Germany’s Beer Hall putsch is being described as a farce by the German beer industry, but the country’s largest beer brand is doing the talking.
The country’s main beer hall, the “Beer Hall” in the Bavarian city of Salzburg, is taking on the beer trade by putting together a coalition of a number of far-right groups in an effort to bring about an end to the rule of the far-left-led regional government.
The coalition, which is composed of the National Democratic Party (NPD) and a number other parties, is calling for the dissolution of the regional government and a “democratic recall” of the region’s former chancellor, Christian Kern.
Kern, who was forced from office in 2016 following the collapse of the Berlin Wall, is widely considered to be a far-reaching figure in German politics, having served as chancellor from 2006 to 2015.
“The Bavarian beer industry is deeply divided and deeply worried by the current situation,” said Markus Schäfer, head of the Beer Hall, in a statement published by the Bavaria state government.
“We don’t want to see this divide continue.
We want the German public to understand that the Bavarians do not want to be dominated by the far right and that we will continue to support all of the interests of beer drinkers.”
The Beer Hall has been at the forefront of the fight against Kern since the end of the summer, as the Bavarias own state government, which has been unable to form a government, attempted to push through a series of reforms aimed at improving conditions for brewers.
Kern has repeatedly accused the Beer Haus, which owns and operates breweries in the region, of profiting off of the beer-making industry in a way that has hurt the local economy.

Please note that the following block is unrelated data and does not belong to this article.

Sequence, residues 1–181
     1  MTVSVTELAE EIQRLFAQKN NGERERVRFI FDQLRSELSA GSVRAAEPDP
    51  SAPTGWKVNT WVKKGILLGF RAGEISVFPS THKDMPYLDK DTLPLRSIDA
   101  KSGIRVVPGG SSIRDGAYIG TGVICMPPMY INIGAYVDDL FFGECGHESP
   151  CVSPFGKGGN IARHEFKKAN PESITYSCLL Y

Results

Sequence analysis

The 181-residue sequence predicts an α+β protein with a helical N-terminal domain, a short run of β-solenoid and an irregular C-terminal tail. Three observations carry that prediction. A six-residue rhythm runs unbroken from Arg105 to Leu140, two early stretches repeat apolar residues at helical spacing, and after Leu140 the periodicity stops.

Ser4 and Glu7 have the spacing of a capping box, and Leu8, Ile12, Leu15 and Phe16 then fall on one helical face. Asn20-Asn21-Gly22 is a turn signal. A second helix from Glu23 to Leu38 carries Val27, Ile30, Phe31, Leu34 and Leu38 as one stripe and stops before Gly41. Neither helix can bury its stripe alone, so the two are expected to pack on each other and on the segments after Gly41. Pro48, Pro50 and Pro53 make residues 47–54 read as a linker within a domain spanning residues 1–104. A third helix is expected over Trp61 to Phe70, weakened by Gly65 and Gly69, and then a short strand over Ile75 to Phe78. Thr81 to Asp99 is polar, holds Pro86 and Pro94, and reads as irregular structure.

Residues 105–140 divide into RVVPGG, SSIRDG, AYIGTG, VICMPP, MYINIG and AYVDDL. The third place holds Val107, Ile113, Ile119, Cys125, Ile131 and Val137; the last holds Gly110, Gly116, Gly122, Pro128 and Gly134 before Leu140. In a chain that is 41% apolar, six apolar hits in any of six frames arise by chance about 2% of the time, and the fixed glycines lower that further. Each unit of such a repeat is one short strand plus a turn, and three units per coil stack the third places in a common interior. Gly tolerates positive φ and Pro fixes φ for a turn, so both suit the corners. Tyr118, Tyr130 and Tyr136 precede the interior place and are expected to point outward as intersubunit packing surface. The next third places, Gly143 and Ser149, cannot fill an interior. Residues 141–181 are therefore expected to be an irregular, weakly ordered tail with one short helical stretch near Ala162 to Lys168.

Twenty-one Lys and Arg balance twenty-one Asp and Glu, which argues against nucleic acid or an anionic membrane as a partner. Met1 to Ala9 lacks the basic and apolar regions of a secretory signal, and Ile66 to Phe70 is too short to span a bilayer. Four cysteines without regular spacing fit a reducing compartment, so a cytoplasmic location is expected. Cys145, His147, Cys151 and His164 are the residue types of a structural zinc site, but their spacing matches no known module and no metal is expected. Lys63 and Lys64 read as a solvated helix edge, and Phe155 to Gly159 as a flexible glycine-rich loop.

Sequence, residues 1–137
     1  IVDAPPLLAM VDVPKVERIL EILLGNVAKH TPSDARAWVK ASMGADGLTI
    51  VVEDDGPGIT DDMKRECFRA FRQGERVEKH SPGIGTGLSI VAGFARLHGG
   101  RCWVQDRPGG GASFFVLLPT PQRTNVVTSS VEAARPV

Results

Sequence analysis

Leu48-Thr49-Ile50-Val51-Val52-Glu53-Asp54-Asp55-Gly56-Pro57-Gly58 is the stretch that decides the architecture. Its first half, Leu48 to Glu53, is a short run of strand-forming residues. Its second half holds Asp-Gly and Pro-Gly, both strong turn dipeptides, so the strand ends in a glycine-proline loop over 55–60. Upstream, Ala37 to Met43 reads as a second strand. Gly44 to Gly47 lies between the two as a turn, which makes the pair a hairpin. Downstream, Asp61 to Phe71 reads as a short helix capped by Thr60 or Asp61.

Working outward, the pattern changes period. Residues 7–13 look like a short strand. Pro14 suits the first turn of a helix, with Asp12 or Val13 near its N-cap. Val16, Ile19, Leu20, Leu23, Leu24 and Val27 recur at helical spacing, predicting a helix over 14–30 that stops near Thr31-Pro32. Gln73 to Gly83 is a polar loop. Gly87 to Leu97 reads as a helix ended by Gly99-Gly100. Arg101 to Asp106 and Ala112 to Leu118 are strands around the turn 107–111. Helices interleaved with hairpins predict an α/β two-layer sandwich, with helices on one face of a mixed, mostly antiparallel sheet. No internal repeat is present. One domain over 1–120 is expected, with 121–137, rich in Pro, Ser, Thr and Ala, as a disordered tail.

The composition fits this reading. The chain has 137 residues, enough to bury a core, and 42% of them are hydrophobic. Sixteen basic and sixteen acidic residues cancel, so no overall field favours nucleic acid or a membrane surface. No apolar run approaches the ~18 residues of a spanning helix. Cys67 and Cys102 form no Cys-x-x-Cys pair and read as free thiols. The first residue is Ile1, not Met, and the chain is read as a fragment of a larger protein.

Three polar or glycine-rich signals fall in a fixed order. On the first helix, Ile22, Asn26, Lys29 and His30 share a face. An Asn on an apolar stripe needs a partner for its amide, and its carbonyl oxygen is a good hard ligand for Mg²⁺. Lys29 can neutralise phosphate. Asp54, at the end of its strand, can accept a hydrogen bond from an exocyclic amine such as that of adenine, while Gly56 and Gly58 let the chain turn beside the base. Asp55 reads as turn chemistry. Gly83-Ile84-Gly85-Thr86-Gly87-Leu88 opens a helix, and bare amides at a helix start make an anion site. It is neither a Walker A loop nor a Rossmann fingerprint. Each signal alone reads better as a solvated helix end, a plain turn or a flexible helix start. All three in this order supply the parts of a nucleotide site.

He has also made the case that he is an ideal candidate for the job of chancellor, due to his close ties to business leaders.
The Beer Haust, which was founded in the early 1900s, is a member of the so-called “Beer Club” of German beer-makers, who are often regarded as the founders of the countrys beer industry.
In 2017, Kern was a guest speaker at a “Beer Party” organised by the Beer Club, which aimed to highlight Kern’s “integrity”.
Kern has said that he believes that the Beer Society has been corrupted by political power.
“There is a huge difference between a society that is politically and financially accountable and a society of beer-lovers,” Kern said.
“If there is a strong political consensus on a topic, it’s the society of brewers, which we believe has the right to be involved.”
He added: “I’m not against political leaders, but there should be an independent party that has a real say.”
Kern has faced calls for his resignation from within the Beer Guild, which represents the interests and values of the industry, as well as from many within the regional political parties.
The group of far right parties are currently running for the regional legislature in Bavaria’s state of Baden-Württemberg.
Kern’s party has also become the target of protests, with many members of the community refusing to participate in the elections scheduled for April.
“I don’t care what the political agenda of my party is, I have to make sure the government is not able to bring down the chancellor,” said Bavarian political commentator Hans-Christian Neuberger.
Kern is the founder of the “Free Kern” movement, which describes itself as a “free, democratic and social democratic party”.
The “Free” Kern party has long been linked to far-Right groups, including the National Front and the far left-wing Svoboda party.
The party has been accused of being “fascist” and “Nazi” by some of the parties it has backed.
Kern denied this accusation, saying that the Free Kern Party is a democratic organisation with a democratic constitution.
Kern also claimed that his party was the only one in the country that was able to organise a rally against the current government, despite the fact that the country has already witnessed a series and violent riots, many of which have been linked with the far far-Left.
The Free Kern party had previously called for the “march against Kern” to take place on the same day that the “Million Man March” was organised by German Chancellor Angela Merkel in Berlin.
The “Mann March” is an annual demonstration against Merkel, and it is a rallying point for many far-Protestant supporters of Kern.
The protest on the day of the German Chancellor’s speech has also been the target for a series tomes of hate literature published by a number far-Nordic groups.
According to German media reports, the Free Suddeutsche Zeitung newspaper reported that Kern has received threatening phone calls from people who claim to be from “the right wing of the [Bavarian] right”.
“We are the only party that